"Here's a low budget indie shot in upstate New York with no actual written script, similar (from that angle) to Blair Witch Project, but significantly more intelligent than BWP. The premise is fine, hardly original, but a strong plot device--couple picks up hitchhiker. The beginning of the film is also strong; we see the couple and how they relate to each other and then catch a brief glimpse of the hitchhiker. The development is also really well done--that is, the movement of the characters in their shared situation after introducing them at the beginning.

The ending is a huge letdown.

Let's focus on the development--without revealing anything that would constitute a spoiler. The couple, Mitchell and Ren, are on their way up from NY City to the Catskills to get away from things. They pick up a burly hitchhiker, Lyle, who's quiet and drop him off soon enough at a motel, which he requested they do. Then he shows up again; supposedly the motel is full up. Is it really? We don't really know. They take him in.

What makes the development so strong is that the writer-directors do know something about the psychological subtleties of behavior and they do a great job displaying them as we move from the beginning through the denouement of the film. The interplay between Mitchell, Ren, and Lyle is very skillfully handled, which is what makes the first three quarters of this film so good--really good, in fact.

It would be a misconception to think that this is a typical "third person threatens couple" as in Dead Calm or Knife in the Water (Polanski) or a bunch of other films. This is, in some ways, much subtler than that, and that's what makes it all the more disappointing when a shocking ending occurs that is much too jarring to be credible and to mesh with the first three quarters of the film. This is really too bad, because I was really hooked up until then and when this climactic event happens, my rapture dribbled away into mush.

Cynics might say that the ending was done because the filmmakers were running out of money and/or film stock, or even patience with the entire project. It's possible to understand the origin of the ending shocker--i.e., why it happens--but the viewer really has to be able to make forced connections to buy into it and those connections should not be forced, but instead be natural. The only way the connections could have been natural is if the characters--especially one in particular--was revealed much more to have a mean streak, and that specific aspect of the character's personality is not developed anywhere near enough to make the ending believable. Hence the complete non-credibility.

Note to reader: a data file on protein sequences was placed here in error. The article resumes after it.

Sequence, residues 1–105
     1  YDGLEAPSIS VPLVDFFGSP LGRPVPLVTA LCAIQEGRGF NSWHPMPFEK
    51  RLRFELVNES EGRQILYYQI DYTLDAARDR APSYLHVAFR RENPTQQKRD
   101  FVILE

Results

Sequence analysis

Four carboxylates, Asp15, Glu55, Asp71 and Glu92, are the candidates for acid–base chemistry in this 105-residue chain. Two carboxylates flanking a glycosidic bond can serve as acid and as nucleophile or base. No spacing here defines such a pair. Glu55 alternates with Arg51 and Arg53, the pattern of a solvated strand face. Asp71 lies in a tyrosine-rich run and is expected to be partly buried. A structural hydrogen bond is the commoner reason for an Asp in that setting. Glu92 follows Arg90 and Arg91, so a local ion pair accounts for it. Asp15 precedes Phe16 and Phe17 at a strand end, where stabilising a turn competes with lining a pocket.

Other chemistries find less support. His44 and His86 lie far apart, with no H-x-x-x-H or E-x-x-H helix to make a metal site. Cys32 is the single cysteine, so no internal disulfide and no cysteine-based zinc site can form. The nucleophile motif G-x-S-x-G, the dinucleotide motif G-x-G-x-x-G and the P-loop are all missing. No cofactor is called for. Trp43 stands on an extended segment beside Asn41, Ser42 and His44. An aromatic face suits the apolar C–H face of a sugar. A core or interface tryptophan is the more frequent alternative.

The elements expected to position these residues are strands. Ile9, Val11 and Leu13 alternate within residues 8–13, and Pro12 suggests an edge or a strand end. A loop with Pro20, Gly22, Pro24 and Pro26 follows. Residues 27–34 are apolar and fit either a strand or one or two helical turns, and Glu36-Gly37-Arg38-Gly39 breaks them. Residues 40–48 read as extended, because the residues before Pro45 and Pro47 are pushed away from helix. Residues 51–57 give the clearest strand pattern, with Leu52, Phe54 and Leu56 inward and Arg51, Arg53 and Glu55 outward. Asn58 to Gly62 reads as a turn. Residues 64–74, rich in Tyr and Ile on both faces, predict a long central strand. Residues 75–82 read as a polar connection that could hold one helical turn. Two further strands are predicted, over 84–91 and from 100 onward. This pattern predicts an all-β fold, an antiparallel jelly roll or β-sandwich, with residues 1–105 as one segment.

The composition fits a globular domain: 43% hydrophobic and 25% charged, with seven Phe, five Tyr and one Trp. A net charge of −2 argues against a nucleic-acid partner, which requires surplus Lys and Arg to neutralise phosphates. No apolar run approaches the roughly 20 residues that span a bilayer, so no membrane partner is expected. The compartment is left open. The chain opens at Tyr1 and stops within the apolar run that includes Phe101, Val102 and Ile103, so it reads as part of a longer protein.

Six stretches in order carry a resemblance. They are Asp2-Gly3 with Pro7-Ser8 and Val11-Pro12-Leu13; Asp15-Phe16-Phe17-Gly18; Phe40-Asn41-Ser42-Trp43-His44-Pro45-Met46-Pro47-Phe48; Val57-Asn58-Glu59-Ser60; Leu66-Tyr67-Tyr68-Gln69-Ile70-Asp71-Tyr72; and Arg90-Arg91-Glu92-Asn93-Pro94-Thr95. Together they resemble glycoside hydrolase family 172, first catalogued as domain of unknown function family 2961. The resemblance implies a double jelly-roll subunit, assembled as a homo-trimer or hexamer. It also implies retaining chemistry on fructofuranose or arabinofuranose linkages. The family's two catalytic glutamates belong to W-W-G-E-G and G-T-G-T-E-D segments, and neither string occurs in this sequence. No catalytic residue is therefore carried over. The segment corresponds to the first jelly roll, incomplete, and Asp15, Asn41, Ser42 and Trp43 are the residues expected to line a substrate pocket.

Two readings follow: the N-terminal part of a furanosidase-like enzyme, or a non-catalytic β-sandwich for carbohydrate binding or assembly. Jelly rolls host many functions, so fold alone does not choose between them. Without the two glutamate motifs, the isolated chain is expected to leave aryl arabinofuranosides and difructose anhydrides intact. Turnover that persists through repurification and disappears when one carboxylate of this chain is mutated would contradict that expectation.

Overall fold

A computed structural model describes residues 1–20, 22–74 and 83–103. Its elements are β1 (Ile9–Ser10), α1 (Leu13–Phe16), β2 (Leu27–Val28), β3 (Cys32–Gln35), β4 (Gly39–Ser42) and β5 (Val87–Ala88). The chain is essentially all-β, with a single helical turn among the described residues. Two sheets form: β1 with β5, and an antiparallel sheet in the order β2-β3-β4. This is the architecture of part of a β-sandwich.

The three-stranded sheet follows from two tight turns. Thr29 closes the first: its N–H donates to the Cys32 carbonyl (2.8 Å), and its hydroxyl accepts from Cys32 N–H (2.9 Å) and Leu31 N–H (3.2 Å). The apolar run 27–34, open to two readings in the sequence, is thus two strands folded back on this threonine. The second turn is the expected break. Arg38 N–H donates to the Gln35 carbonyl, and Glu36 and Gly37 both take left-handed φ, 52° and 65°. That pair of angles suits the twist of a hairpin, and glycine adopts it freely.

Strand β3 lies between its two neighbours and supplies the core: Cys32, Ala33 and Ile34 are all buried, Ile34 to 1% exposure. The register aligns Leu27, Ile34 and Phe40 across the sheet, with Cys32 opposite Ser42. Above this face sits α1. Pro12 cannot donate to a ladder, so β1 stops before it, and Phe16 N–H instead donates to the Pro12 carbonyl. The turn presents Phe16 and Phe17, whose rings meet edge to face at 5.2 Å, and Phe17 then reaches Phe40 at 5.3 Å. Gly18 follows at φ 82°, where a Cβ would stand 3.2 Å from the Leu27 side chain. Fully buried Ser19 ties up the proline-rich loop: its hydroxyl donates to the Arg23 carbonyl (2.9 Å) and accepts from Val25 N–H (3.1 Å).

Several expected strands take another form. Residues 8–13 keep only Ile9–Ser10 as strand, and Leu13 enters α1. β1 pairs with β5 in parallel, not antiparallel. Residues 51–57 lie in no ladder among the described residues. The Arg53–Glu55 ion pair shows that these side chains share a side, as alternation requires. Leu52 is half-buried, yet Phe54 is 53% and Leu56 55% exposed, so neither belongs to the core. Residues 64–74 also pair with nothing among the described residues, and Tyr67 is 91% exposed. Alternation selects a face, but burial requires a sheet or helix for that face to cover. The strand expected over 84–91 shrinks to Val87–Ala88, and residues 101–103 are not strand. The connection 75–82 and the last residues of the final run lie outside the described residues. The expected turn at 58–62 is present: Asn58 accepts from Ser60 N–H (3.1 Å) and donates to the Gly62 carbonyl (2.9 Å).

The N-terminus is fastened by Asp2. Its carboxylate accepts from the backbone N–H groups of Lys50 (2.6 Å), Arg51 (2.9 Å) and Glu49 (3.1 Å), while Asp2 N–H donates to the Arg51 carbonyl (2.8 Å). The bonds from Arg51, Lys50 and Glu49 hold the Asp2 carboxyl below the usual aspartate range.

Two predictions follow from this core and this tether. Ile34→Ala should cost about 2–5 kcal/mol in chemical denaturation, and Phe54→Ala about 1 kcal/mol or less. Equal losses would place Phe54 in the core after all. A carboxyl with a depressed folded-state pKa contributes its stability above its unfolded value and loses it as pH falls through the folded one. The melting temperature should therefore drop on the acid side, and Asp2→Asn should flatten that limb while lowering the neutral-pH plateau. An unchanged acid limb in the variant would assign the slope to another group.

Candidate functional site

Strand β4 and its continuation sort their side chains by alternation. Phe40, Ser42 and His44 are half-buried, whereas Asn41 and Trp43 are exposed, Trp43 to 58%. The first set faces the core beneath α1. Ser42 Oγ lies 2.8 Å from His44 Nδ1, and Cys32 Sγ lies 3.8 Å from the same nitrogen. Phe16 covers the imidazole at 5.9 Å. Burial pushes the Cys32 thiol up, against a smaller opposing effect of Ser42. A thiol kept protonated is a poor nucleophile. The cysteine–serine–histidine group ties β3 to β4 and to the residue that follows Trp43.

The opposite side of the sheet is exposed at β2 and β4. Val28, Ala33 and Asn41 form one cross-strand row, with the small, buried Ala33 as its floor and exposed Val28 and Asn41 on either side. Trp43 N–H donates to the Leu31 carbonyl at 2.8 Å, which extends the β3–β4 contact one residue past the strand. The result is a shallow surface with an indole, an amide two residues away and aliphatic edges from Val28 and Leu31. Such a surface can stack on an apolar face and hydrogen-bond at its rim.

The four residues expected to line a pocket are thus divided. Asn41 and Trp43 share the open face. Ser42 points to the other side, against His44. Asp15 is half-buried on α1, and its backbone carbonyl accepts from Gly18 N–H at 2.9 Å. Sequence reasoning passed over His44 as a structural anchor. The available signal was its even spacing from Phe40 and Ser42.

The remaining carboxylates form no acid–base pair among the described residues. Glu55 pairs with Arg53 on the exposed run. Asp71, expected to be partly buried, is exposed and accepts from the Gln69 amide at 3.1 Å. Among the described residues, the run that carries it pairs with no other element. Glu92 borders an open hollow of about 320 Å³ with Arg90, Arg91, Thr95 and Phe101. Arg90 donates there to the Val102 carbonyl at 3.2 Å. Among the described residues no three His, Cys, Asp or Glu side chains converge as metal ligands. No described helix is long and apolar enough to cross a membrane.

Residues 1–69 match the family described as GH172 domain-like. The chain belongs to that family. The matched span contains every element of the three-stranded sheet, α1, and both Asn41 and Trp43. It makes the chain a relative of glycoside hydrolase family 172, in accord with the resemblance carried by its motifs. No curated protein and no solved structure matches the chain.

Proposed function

The cinematography is excellent, the setting is truly beautiful--the title location in particular--and the actors are competent enough, as is the script. Until the completely out of whack ending.

I would look forward to other work from the same filmmakers; my guess is that their next effort will be stronger and more consistent."
HeidiKakes | NY | 07/19/2004
(1 out of 5 stars)

"They kept showing this movie on the Sundance Channel so I decided to watch it late one night. This movie is the biggest heap of crap I have ever seen. Extremely bad acting, absolutely no plot and features some of the most boring, drawn out scenes ever filmed with even worse dialogue. While a movie like Elephant features the same things, eventually all the parts of the puzzle come together in one dramatic resolution. Kaaterskill Falls leaves viewers empty and befuddled by what has just taken place on screen--thats if the viewer hasn't changed the channel or fallen asleep by then, which 99% most likely will. The only redeeming quality of this film is the cinematography and on-site location."
A film that made me think
Born to Read | Metro New York area | 12/30/2005
(5 out of 5 stars)

""Kaaterskill Falls" proclaims itself to be low budget from moment the `Low Fi' logo appears on the screen, and it doesn't take long to realize that this film was made on a shoestring by Hollywood standards. Yet, despite this - or maybe even because of this - there's an intimacy in this film that drew me in and made me feel like a voyeur. When we meet Ren and Mitch, a sophisticated New York couple driving somewhere in rural Upper New York state in the early spring (the grass is green but the trees are leafless), we are sitting in the back seat of their car struggling to eavesdrop on their plans for the weekend (we later learn that they are "trying to make a baby"). Picking up the hitchhiker, Lyle, doesn't seem like a smart thing to do, especially when he turns out to be rather truculent. But when Ren and Mitch invite him to stay in their rented cottage, I found myself shouting "Don't do it!"

We are present at an improvised dinner that evening with Lyle, Ren, and Mitch. The presumably unscripted conversation meanders in several not very significant directions. Lyle's big complaint is about the incursion of cell phone towers in his beloved woods; perhaps by extension he laments also the incursion of the cell-phone-bearing city boy, Mitch. As the evening wears on, stereotypes are broken: the rural Lyle is savvy in the kitchen with Pasta Puttanesca, but fails miserably at making a fire, which the gentrified ex-boy scout, Mitch, gloatingly teaches him to do. Beyond the words, however, can be sensed the growing attraction between Ren and Lyle, an attraction not lost on Mitch.

Surely it cannot have been a case of sloppy movie-making that the next day, when Lyle agrees to lead the couple on a hike to Kaaterskill Falls, the formerly-barren trees are in full leaf? Can their lush green canopy be a proxy for the unfolding passions of the three characters, long curled up inside tight buds within them? Symbolic or not, something base and primitive suddenly commandeers the characters' instincts and commands their actions with shocking results. Or was it all a dream? Whatever it was, this film stayed with me and kept me pondering for the next twenty-four hours. And I like a film that makes me think.